There is nothing so American as our national parks. The scenery and wild life are native. The fundamental idea behind the parks is native. It is, in brief, that the country belongs to the people, that it is in the process of making for the enrichment of the lives of all of us. The parks stand as the outward symbol of this great human principle.
~President Franklin D. Roosevelt, Radio Address from Glacier National Park, 1934
The people of America invented the national park with the congressional establishment of Yellowstone in 1872. Since then, our National Park System has grown to include such legendary places as Yosemite, Grand Canyon, Great Smoky Mountains, Independence Hall, Mount Rushmore, and Statue of Liberty. The success of our park system has inspired more than 100 other countries, from Afghanistan to Zimbabwe, to create hundreds of their own national parks.
But America’s National Park System is not complete. Less than 7 percent of our nation is preserved in national parks and wilderness areas outside of parks — most of them in Alaska. Hundreds of other areas could qualify for addition to our park system, including vulnerable ecosystems, natural rivers, wild marine and coastal areas, habitats for endangered species, carbon-rich forests, damaged but restorable landscapes, historic sites, and urban open spaces. Most of them face mounting development pressures. Now is the time to preserve these irreplaceable treasures as national parks — before they are lost forever.
Grassroots groups and activists have proposed new parks for special places across the country. However, they have been working on their own, held back by insufficient resources, entrenched opponents, and limited assistance from mainstream organizations and political leaders. If these individual efforts can be united, organized, and adequately funded, they can serve as the foundation of a powerful, inspiring, nationwide campaign for a new generation of national parks.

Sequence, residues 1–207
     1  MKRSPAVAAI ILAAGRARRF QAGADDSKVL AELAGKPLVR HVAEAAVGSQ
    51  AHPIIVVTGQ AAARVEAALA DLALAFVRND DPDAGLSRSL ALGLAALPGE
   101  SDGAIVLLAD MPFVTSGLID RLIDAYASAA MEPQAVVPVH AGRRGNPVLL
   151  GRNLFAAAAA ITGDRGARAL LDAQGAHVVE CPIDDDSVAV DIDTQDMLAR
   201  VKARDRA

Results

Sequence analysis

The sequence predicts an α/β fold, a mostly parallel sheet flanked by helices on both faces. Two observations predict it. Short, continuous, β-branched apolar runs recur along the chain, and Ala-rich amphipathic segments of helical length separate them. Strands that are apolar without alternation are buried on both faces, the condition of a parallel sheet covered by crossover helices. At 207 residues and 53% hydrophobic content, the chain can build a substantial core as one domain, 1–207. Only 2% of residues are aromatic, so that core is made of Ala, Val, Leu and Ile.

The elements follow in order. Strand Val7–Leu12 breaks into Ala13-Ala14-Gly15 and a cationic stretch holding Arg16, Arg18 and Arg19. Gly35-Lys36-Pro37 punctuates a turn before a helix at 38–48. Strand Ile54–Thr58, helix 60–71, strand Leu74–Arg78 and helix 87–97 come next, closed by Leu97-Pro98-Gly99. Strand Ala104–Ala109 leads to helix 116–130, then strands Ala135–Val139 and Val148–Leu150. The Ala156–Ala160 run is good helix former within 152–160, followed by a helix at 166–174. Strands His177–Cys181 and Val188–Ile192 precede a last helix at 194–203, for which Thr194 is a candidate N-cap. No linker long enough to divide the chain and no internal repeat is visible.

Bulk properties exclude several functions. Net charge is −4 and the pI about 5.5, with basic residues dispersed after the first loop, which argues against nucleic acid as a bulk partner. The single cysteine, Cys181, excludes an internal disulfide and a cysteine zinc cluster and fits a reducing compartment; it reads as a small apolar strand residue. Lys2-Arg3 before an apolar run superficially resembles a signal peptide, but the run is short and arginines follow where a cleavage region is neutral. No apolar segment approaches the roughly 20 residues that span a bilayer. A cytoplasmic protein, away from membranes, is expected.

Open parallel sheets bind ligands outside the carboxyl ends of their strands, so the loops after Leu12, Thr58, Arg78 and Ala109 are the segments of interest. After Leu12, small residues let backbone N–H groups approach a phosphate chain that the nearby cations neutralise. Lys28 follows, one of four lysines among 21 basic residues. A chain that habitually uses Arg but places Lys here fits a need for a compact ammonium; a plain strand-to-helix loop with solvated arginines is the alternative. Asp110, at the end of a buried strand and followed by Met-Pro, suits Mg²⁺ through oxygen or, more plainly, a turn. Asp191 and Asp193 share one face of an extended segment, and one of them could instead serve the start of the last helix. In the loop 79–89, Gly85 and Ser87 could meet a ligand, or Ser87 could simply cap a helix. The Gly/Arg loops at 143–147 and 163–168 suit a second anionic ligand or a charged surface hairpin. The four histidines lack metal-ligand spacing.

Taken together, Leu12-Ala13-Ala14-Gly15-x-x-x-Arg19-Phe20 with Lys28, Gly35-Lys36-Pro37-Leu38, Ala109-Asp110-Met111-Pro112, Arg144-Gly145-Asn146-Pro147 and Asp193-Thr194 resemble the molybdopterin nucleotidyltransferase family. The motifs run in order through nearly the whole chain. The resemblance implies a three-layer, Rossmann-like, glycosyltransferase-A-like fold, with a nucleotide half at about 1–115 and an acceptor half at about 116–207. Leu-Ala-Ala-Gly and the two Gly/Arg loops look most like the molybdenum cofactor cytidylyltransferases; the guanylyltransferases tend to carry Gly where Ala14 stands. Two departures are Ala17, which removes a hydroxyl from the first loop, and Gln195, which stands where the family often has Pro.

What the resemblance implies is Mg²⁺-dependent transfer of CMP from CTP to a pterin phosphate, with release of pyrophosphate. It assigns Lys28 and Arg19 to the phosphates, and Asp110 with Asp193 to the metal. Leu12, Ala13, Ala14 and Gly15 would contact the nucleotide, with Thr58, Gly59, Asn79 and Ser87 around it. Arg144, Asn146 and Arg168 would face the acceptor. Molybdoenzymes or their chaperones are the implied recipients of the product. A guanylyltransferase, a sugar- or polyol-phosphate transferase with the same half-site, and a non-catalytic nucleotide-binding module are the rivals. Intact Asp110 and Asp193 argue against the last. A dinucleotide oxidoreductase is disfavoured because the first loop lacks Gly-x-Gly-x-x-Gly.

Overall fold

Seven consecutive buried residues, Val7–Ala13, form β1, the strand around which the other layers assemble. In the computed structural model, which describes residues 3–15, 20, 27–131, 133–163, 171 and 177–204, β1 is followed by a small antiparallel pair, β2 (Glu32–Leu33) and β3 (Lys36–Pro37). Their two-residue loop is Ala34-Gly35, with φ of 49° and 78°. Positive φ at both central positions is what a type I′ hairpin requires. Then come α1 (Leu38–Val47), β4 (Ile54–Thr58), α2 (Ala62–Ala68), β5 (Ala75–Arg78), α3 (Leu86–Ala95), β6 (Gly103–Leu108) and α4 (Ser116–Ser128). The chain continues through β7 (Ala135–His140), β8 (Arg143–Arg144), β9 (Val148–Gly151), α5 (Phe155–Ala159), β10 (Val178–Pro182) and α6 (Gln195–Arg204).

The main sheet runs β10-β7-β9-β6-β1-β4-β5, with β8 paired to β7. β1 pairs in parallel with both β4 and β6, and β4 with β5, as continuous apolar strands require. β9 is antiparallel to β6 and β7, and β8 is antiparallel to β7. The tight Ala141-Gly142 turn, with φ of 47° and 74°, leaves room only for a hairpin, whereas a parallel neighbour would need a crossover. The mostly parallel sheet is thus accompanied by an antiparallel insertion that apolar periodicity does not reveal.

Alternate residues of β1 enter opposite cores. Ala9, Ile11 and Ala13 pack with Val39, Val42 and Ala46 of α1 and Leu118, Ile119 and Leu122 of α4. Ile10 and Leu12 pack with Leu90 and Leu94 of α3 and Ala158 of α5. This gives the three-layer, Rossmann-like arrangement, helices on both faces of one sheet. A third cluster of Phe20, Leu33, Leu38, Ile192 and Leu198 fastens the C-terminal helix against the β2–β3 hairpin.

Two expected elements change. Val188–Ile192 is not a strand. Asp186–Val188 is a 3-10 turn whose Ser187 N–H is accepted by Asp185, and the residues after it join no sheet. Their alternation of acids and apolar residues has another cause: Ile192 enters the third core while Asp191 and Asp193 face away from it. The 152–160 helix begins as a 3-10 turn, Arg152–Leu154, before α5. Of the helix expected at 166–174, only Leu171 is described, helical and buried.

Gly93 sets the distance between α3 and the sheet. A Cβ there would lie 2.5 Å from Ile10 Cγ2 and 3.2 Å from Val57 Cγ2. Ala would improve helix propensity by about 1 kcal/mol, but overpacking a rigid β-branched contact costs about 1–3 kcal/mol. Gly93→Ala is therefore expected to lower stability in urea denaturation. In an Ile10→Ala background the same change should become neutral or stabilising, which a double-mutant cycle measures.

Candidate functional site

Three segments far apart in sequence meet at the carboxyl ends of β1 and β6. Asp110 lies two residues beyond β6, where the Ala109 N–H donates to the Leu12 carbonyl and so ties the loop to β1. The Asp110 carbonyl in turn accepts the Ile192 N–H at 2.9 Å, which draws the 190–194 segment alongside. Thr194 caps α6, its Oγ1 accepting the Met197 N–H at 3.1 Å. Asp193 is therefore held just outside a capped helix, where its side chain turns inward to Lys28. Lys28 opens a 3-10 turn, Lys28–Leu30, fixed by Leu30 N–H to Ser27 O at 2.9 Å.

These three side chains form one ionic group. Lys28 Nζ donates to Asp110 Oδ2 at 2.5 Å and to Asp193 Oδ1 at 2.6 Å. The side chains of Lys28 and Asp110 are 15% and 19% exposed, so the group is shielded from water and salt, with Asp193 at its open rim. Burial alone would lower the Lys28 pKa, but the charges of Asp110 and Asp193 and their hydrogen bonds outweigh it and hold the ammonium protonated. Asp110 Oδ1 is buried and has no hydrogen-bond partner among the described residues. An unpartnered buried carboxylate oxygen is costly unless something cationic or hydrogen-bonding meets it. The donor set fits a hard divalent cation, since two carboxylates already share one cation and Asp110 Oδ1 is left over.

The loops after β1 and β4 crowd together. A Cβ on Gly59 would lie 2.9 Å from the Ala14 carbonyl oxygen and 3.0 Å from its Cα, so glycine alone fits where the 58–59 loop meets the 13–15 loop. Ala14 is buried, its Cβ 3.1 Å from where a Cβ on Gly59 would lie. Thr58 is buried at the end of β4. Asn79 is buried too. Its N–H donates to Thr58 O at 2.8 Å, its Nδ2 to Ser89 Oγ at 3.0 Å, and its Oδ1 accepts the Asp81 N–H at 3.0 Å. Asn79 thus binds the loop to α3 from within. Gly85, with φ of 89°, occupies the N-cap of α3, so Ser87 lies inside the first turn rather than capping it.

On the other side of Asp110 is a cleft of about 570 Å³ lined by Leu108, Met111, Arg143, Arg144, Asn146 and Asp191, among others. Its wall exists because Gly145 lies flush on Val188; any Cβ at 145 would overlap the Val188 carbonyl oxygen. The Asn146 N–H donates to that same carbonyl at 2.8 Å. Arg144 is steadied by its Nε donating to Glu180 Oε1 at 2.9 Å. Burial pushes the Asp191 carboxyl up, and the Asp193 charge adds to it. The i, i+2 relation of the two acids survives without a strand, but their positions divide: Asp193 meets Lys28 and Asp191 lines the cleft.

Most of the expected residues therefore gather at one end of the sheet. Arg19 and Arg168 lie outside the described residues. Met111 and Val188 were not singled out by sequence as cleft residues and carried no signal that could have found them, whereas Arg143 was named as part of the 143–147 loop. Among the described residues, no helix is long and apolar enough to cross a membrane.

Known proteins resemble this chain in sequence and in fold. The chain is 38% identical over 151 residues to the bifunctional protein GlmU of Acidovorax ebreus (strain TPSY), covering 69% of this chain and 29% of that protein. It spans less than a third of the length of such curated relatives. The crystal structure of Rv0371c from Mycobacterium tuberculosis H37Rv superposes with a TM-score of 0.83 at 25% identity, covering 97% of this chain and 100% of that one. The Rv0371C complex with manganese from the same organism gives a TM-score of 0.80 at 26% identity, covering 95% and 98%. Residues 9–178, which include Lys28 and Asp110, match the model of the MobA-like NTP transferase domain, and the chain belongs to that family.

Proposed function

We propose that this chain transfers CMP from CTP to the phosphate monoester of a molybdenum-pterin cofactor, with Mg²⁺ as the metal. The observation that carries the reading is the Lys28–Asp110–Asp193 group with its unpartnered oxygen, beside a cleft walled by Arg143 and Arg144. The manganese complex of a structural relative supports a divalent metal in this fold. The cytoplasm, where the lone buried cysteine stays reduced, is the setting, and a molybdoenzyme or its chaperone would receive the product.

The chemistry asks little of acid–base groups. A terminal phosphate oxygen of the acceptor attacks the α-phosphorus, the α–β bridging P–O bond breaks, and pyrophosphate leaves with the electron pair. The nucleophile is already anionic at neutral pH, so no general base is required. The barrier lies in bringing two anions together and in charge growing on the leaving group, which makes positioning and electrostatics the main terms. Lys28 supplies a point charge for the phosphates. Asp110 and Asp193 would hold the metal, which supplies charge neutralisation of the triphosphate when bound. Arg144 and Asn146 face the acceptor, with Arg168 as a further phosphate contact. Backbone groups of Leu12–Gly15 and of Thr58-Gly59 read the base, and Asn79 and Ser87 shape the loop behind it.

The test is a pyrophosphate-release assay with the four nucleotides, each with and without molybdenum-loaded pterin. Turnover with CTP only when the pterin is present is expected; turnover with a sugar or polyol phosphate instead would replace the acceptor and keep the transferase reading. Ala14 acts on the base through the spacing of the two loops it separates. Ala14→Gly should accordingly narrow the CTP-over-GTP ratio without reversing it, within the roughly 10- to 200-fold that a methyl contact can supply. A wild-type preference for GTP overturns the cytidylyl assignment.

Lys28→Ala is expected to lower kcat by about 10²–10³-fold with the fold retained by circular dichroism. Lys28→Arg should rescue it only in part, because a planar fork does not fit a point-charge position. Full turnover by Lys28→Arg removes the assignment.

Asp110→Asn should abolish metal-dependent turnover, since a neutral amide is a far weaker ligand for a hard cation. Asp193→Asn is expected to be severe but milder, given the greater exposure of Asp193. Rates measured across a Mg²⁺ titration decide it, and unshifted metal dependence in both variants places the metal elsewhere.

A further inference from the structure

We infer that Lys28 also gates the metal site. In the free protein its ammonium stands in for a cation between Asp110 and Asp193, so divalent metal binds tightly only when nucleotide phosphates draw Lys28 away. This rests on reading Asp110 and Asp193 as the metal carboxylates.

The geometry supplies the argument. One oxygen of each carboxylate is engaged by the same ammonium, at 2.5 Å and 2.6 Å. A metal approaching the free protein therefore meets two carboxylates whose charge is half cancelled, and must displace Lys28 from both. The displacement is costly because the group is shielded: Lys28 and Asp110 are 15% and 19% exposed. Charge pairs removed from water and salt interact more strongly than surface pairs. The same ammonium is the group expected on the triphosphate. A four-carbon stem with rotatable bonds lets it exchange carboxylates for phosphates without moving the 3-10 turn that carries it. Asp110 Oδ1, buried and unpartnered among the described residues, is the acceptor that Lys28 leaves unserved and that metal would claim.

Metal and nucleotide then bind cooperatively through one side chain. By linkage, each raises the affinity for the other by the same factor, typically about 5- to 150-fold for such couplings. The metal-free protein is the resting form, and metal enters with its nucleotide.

In 2016, Americans will celebrate the 100th anniversary of the National Park Service. There could be no better time for a bold campaign to expand the National Park System for the next century. Why not 100 new parks — or more — to mark the centennial? Such a campaign can inspire conservationists, rally public support, and convince Congress and the president to take positive action. Future generations will thank us for having the foresight to save our unprotected natural and historic treasures as their priceless national park legacy.
This is the vision of the New National Parks Project (NNPP). The purpose of the project is to expand America’s National Park System by supporting individual park campaigns, building a grassroots national parks coalition, and rallying broad public support for a new generation of national parks. We hope you will become a part of this historic and vital movement!